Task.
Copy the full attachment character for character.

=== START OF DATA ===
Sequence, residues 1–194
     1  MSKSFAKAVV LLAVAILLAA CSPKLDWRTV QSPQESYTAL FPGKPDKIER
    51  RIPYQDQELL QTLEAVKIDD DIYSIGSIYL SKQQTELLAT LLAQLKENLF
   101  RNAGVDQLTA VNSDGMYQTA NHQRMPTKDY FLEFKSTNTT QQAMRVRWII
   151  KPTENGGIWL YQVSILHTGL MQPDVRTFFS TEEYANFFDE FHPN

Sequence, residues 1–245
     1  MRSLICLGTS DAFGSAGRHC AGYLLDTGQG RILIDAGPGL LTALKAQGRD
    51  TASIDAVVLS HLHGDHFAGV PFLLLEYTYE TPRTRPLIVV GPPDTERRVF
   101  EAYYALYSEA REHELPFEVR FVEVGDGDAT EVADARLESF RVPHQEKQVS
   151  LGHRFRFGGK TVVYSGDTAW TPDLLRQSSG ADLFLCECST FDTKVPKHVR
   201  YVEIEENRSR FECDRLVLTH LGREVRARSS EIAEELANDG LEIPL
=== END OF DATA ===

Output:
Sequence, residues 1–194
     1  MSKSFAKAVV LLAVAILLAA CSPKLDWRTV QSPQESYTAL FPGKPDKIER
    51  RIPYQDQELL QTLEAVKIDD DIYSIGSIYL SKQQTELLAT LLAQLKENLF
   101  RNAGVDQLTA VNSDGMYQTA NHQRMPTKDY FLEFKSTNTT QQAMRVRWII
   151  KPTENGGIWL YQVSILHTGL MQPDVRTFFS TEEYANFFDE FHPN

Sequence, residues 1–245
     1  MRSLICLGTS DAFGSAGRHC AGYLLDTGQG RILIDAGPGL LTALKAQGRD
    51  TASIDAVVLS HLHGDHFAGV PFLLLEYTYE TPRTRPLIVV GPPDTERRVF
   101  EAYYALYSEA REHELPFEVR FVEVGDGDAT EVADARLESF RVPHQEKQVS
   151  LGHRFRFGGK TVVYSGDTAW TPDLLRQSSG ADLFLCECST FDTKVPKHVR
   201  YVEIEENRSR FECDRLVLTH LGREVRARSS EIAEELANDG LEIPL